00:19:58   that we can play about iTunes about,

00:19:59   about not respecting your files on disc,

00:20:01   about improperly matching them,

00:20:03   about not respecting your metadata.

00:20:05   Like it has to serve the needs of the entire range of music you could have.

00:20:10   You could have music that you, from your own CDs or illegally downloaded or whatever, that

00:20:16   you've carefully tagged and organized over many, many years.

00:20:19   You could have a subscription to Apple Music.

00:20:23   All these are things that could be there and it has to respect them.

00:20:26   It has to, you know, it has to treat them, not treat them cavalierly and do a good job

00:20:32   backing things up and be reliable and all the things that you get a chance to do when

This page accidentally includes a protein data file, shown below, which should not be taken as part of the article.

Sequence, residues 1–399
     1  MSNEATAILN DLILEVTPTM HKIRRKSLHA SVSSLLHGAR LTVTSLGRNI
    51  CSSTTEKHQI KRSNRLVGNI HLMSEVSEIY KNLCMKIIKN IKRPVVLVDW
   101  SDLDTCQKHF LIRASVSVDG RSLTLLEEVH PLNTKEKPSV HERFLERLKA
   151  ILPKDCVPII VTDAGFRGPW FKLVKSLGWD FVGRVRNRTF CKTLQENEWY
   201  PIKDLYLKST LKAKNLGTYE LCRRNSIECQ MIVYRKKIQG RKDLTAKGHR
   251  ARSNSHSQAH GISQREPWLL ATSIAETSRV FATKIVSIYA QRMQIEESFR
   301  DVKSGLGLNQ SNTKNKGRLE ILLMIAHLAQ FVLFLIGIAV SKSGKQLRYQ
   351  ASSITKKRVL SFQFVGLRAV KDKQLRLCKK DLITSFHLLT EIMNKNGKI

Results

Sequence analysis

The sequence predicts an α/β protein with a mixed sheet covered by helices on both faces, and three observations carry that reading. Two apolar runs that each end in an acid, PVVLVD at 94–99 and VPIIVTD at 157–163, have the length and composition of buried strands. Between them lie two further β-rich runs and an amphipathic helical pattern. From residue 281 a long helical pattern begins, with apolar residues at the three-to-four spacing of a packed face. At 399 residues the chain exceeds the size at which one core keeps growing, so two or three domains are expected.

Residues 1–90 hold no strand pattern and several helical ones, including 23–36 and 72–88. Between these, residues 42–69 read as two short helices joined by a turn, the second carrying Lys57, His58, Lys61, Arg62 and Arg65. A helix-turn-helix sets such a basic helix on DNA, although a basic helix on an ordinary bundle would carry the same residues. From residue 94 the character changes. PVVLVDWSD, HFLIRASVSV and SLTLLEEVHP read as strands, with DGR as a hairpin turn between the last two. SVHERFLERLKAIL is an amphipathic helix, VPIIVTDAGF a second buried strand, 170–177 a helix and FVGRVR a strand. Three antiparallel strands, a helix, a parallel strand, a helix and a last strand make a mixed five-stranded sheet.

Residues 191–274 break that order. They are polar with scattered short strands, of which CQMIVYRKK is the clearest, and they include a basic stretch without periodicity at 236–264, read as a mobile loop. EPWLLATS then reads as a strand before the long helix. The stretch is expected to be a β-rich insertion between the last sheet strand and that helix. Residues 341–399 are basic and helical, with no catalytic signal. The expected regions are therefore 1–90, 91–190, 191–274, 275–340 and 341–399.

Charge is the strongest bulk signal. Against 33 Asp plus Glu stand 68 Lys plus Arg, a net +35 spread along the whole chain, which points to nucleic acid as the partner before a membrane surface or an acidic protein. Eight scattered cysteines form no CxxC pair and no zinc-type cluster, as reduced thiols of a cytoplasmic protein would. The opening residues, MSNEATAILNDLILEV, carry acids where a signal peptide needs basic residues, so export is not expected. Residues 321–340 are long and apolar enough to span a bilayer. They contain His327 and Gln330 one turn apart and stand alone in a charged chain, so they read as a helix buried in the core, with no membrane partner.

00:20:35   you start from scratch with a new application rather than saying oh this is just going to

00:20:39   be an Apple Music streaming player and we'll let you know a third-party opportunity to

00:20:43   do music because I don't think there's enough of a market for there to be you know because

00:20:49   I just don't think that many people have local music collections that they care that much

00:20:52   about for there to be a robust third-party music player especially if that third-party

00:20:57   music player doesn't support streaming services who's gonna make that application and say

00:21:01   say, "We're just going to sell to the diminishing proportion of the user base who have local